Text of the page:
One of the greatest contributors to agriculture was the often overlooked George Washington Carver. He was born a slave and was very poor as a youth. He had a serious illness when young that left him unable to do the hard field work. However, he took an interest in plants and the best way to grow the crops.
As a youth, he was known as the "plant doctor" on the farming community he lived in because of his knowledge and understanding of plants. He attended Simpson College in Indianola, Iowa, and then went to Iowa Agricultural College (now Iowa State University) where he earned both undergraduate and master's degrees in agricultural science.
Afterward, he spent most of the rest of his life at Tuskegee University in Tuskegee, Ala. He served as the school's director of agriculture and remained on the faculty until his death in 1943.
Carver observed that decades of growing cotton and tobacco depleted the soil of nutrients and was causing extensive erosion. He was a proponent of crop rotation and encouraged alternating soil-depleting cotton crops with crops that improved soil fertility, such as peanuts, peas and soybeans. Rotating crops helped improve agriculture in the South.
He also discovered sweet potatoes and pecans are beneficial to the soil.
He constantly kept conducting experiments with peanuts, sweet potatoes and pecans in trying to produce new products from these plants.
Over time, he developed many different products from the peanuts, sweet potatoes, and pecans. He found uses for discarded corn stalks, and from the clays of the Alabama soil he created many dyes and paints. He used the paints for his artwork.
Growing these products as alternatives to cotton helped improve the quality of life for rural residents.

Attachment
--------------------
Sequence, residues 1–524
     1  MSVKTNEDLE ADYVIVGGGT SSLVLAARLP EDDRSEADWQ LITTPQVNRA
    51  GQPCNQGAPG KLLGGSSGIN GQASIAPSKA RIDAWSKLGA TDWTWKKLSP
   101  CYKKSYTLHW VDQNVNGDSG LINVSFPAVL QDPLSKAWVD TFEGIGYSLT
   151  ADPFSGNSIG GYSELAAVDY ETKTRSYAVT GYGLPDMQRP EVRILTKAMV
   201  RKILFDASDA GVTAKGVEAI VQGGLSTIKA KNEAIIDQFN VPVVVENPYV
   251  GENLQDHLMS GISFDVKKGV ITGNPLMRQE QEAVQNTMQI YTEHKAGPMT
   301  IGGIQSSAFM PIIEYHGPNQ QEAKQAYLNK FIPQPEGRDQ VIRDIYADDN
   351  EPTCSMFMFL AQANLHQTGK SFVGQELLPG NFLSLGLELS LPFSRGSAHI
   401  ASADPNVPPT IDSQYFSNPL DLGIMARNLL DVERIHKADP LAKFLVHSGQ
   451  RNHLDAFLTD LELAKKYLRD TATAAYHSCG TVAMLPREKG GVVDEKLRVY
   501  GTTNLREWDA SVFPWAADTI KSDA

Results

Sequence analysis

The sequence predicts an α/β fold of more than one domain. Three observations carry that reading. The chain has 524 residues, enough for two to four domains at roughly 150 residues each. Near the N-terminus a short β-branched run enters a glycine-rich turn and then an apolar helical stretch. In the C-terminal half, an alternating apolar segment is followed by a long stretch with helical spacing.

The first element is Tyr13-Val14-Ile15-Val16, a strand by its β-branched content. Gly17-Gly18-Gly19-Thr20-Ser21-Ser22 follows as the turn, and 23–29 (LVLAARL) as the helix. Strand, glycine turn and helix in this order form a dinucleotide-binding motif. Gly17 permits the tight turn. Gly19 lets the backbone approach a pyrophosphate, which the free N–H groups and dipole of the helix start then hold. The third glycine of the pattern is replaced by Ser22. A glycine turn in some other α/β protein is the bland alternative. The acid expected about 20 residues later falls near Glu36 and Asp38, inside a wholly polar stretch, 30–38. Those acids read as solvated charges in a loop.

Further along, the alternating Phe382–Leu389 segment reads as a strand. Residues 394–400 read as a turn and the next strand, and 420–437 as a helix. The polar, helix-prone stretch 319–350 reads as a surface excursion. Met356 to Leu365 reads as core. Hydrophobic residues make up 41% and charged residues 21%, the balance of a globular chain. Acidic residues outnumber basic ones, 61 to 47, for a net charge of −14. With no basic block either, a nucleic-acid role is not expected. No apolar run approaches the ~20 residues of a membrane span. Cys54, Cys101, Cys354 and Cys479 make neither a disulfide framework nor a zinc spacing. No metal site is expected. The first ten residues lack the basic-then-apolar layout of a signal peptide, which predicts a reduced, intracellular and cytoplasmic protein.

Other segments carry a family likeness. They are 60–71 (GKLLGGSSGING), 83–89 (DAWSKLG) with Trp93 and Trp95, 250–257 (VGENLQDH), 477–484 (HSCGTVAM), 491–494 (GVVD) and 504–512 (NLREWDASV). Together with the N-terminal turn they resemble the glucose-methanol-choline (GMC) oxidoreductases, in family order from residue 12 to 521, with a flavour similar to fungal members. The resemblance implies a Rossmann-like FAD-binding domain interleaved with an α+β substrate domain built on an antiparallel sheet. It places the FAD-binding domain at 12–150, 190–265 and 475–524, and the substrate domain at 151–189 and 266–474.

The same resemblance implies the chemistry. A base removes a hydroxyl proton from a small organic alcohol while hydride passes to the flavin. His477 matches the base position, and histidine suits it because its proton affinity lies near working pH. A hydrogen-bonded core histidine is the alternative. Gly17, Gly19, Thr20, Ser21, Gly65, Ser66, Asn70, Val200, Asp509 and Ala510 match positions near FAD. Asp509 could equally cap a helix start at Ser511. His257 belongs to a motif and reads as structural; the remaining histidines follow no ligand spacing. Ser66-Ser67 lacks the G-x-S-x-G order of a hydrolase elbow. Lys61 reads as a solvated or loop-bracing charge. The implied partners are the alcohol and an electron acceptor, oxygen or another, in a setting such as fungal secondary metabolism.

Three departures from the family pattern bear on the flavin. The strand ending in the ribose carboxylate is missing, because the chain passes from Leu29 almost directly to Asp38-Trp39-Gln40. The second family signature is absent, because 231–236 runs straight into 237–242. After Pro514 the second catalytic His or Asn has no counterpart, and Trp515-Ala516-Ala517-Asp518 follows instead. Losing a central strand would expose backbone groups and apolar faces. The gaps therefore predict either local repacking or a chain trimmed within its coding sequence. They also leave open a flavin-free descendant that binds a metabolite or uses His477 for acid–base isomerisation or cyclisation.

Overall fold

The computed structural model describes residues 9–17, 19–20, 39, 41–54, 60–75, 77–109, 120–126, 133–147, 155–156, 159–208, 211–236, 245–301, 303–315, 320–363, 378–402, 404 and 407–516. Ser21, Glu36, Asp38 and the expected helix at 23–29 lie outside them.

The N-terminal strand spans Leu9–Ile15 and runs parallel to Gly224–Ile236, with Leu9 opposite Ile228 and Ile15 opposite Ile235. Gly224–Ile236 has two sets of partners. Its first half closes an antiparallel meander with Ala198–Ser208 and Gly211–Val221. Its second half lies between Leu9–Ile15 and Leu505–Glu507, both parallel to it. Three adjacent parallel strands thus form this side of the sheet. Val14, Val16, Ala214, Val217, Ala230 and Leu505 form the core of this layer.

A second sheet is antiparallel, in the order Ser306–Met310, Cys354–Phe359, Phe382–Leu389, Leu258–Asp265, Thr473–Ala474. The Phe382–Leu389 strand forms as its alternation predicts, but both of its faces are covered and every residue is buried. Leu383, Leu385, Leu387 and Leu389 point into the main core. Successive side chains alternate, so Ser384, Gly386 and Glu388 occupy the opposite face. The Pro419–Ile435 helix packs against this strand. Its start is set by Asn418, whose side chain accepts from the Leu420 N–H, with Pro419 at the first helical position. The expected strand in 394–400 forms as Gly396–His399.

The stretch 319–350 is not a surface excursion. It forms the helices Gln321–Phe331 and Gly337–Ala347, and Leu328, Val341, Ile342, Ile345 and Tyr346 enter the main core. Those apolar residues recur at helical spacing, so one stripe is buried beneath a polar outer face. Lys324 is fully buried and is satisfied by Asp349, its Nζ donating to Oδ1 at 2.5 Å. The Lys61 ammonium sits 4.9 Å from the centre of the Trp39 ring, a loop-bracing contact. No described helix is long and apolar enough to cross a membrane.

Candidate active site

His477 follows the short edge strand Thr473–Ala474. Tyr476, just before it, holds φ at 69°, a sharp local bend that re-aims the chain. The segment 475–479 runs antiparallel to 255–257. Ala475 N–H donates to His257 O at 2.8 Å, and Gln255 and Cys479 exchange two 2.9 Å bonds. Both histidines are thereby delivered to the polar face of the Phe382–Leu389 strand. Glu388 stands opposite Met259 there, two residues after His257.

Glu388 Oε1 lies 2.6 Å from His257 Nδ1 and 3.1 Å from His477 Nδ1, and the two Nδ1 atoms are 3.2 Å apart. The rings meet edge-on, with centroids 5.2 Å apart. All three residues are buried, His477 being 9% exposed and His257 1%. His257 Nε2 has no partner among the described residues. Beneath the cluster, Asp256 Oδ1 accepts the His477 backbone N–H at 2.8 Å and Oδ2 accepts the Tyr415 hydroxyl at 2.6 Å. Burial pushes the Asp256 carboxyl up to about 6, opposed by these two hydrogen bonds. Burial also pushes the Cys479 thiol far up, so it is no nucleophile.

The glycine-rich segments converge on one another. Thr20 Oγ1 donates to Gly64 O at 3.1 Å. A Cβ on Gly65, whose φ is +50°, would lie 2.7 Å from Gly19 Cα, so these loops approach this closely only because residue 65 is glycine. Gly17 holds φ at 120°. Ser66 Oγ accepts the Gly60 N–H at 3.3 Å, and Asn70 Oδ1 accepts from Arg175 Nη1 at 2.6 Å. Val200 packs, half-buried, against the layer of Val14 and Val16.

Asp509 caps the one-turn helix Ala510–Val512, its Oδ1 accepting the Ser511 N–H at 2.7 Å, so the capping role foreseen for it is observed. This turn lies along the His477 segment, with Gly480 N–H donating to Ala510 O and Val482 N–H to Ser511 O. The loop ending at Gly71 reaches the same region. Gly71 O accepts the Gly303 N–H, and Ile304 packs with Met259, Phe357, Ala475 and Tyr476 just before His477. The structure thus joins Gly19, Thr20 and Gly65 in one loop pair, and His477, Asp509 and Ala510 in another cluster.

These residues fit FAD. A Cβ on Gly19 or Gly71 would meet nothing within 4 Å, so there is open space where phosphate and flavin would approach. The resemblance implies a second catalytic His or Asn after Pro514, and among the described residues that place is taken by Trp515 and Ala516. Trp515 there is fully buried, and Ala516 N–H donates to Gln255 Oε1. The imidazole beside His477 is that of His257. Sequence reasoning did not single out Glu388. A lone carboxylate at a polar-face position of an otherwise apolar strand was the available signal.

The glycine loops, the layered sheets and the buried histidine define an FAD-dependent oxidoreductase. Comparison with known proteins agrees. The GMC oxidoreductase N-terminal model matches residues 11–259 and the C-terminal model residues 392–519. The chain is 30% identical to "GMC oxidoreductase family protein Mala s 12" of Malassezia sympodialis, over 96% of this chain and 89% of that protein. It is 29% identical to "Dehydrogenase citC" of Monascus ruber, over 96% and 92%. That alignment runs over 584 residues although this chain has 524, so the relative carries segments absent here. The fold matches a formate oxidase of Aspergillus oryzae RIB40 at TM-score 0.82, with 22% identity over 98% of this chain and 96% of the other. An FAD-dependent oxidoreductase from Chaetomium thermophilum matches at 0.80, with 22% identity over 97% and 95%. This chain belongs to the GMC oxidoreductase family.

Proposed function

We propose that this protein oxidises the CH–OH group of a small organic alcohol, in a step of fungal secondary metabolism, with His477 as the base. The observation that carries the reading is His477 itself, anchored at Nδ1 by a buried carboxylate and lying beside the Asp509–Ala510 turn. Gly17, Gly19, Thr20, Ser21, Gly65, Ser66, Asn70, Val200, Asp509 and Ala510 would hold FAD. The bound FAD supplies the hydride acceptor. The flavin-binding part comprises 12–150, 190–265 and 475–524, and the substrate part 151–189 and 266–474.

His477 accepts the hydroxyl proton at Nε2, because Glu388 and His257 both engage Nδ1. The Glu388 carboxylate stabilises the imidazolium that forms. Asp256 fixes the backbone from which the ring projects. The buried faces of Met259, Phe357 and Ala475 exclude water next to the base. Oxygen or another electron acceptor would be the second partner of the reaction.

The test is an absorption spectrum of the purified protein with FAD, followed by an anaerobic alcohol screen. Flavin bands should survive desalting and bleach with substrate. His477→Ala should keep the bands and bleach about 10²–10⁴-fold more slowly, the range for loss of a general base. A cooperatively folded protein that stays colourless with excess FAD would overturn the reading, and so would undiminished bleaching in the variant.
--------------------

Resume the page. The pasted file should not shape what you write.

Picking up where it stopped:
Carver wrote brochures on better ways to grow crops, improved cultivation techniques and recipes for nutritious meals. In the early 1900s, he designed a mobile demonstration laboratory on wheels, known as The Jessup Wagon, in order to travel and educate farmers on site about bringing practical agricultural knowledge to farms. He was a pioneering extension agent.
George Washington carver died in 1943. He received many awards and honors in his lifetime. He is most remembered for the role he played in helping the American South transition from a farming system being a mostly monoculture crop of cotton to growing many different crops and having many profitable uses for their crops.
However, Carver did not patent or profit from most of the products he developed. He was quoted as saying, "God gave them to me." He would say about his ideas, "How can I sell them to someone else?"
A few years before he died, he donated his life's savings to the Carver Research Foundation at Tuskegee for agricultural research. He also has an agricultural experiment station named after him at Tuskegee University.
On his grave stone it is written: "He could have added fortune to fame, but caring for neither, he found happiness and honor in being helpful to the world." George Washington Carver was an accomplished agricultural scientist in many areas and a positive example to all of us.
Timothy Daly is an agricultural and natural resource agent with the Gwinnett County Extension Service. He can be reached at 678-377-4010 or timothy.daly@ gwinnettcounty.com.